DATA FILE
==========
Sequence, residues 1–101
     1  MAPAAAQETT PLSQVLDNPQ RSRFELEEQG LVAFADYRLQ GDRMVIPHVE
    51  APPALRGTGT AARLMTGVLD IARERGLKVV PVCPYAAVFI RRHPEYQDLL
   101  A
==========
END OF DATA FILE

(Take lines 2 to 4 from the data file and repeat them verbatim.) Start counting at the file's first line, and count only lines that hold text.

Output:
     1  MAPAAAQETT PLSQVLDNPQ RSRFELEEQG LVAFADYRLQ GDRMVIPHVE
    51  APPALRGTGT AARLMTGVLD IARERGLKVV PVCPYAAVFI RRHPEYQDLL
   101  A